Indie musicians, who produce music independently as opposed to signing a deal with commercial record labels, have benefited from the rise of online music streaming platforms, although the majority of them still struggle to make a decent living.
Up to 70 per cent of independent artists in China earn less than 1,000 yuan (US$145) each month from their music and less than 5 per cent of indie musicians make over 10,000 yuan a month, according to a NetEase Cloud Music survey in 2016. To change this situation, musicians need a platform, marketing resources, gigs and record production support, the report revealed.
An indie folk band called Yanba’er, which translates as ‘cigarette butts’ in English, was able to take a cut of the over 50,000 yuan in advertising revenue generated by their comment section on NetEase Cloud Music in half a month, after their song about lost love went viral, according to Huang.
Mao Buyi, who started out as an indie singer-songwriter before being signed by a major music label, sold over 10.9 million downloads of his new album Perfect Day, surpassing Taylor Swift’s Reputation to top the charts just three months after its release in May.
The problem for new artists is not distribution – it’s awareness and recognition.
“As the music industry makes the shift to streaming services, it’s becoming harder for good music and new talent to be noticed,” he said. “What they need are better platforms to reach the right audience, and that is where we come in.”
Over 70,000 independent musicians had joined NetEase Cloud Music as of September, making it the biggest platform for independent artists in China with 400 million users, according to the company. It also invested 200 million yuan in the first edition of Project Stone in 2016, which assists up-and-coming musicians with promotion, live performances and royalties management.
Other Chinese music platforms have also announced projects to nurture independent artists, including Alibaba-owned Xiami Music, which has run two seasons of ‘Search for Light’ contests for indie artists.
Tencent Music, which is being spun off from Chinese internet giant Tencent Holdings, announced a Musician Project in 2017 that offers artists access to digital albums, revenue sharing on live broadcasting and karaoke among other monetisation opportunities.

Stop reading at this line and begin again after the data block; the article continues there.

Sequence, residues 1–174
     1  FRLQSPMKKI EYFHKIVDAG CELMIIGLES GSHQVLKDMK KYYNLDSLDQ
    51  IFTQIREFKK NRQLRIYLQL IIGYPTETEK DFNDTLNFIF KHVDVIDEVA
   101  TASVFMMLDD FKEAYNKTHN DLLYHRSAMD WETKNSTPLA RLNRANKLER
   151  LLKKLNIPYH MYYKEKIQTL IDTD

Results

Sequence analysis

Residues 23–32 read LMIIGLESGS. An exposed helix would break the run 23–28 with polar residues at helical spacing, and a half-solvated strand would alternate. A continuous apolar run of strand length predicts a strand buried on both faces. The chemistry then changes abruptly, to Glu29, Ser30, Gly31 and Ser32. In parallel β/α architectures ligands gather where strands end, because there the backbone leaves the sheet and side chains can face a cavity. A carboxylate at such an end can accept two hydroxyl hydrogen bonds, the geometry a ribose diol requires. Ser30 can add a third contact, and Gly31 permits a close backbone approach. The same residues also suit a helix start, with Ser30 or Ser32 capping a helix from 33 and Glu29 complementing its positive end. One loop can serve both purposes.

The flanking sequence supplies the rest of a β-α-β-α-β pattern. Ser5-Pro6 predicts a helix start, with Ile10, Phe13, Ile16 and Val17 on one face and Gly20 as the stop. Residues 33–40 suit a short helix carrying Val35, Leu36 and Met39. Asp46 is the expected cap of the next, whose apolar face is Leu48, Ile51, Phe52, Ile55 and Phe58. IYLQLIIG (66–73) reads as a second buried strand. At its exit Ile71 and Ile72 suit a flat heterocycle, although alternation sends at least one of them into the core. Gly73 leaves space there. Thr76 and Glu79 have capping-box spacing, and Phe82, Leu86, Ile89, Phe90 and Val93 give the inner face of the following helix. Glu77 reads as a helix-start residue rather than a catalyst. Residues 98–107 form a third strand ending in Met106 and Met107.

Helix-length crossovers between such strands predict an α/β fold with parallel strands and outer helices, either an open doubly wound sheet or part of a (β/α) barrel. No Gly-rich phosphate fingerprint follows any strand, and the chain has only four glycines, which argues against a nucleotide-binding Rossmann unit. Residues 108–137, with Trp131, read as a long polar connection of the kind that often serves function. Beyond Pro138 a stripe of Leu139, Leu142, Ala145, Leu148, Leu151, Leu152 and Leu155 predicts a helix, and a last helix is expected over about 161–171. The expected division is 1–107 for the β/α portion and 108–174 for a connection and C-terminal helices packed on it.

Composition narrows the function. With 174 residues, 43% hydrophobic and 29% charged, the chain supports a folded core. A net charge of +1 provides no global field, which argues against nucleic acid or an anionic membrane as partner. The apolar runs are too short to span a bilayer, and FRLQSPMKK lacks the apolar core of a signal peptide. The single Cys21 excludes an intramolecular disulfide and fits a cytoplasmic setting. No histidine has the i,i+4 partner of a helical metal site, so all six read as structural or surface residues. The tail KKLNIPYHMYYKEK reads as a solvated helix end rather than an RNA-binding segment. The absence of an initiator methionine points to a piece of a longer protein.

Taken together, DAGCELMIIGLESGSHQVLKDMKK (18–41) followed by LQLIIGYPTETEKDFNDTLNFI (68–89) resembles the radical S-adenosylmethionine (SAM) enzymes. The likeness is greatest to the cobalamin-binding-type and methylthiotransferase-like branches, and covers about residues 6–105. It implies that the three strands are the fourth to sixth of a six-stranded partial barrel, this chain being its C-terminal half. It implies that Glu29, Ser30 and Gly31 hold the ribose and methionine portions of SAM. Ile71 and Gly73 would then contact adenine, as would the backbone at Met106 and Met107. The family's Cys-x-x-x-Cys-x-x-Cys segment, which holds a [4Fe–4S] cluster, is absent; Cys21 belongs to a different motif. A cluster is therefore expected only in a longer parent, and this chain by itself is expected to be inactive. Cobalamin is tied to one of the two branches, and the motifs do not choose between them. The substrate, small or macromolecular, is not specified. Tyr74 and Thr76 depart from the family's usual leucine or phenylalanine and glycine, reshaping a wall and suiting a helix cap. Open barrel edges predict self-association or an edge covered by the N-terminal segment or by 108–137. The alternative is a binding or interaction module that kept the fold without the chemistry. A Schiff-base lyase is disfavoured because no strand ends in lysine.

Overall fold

Moreover, the so-called ‘pay ratio’ for China online music platforms – the proportion of users who pay for content – at 5 per cent is still well behind global peers at 20 to 30 per cent, but the younger generation who are more accustomed to paying online for content are expected to boost both the pay ratio and overall spending, according to the CLSA report.
China may be in more of a “sweet spot” than western markets, with many music streaming services still struggling to find a sustained path to profitability, relying on member subscriptions and advertising as their main source of revenue. Spotify this week reported a disappointing third quarter outlook despite reporting its first-ever profit.
In contrast, Tencent Music has achieved profitability prior to its planned IPO, deriving 70 per cent of total revenue in the first half from social entertainment services, such as virtual gifts on karaoke and online broadcasting services, while music streaming accounted for the rest.
Last month China’s biggest search engine operator Baidu led an investment round for an undisclosed amount in NetEase Cloud Music that it said would drive in-depth cooperation on content, copyright issues and traffic sharing between the two companies, as Baidu steps up its efforts to build a quality content ecosystem as consumers upgrade their spending habits.
“Audiences now have access to a much wider range of music genres and works, they are less obsessed with the music of mainstream ‘superstars’,” said Huang. “Instead they’re searching for diversity and new blood.”
Alibaba Group Holding is the parent company of the South China Morning Post.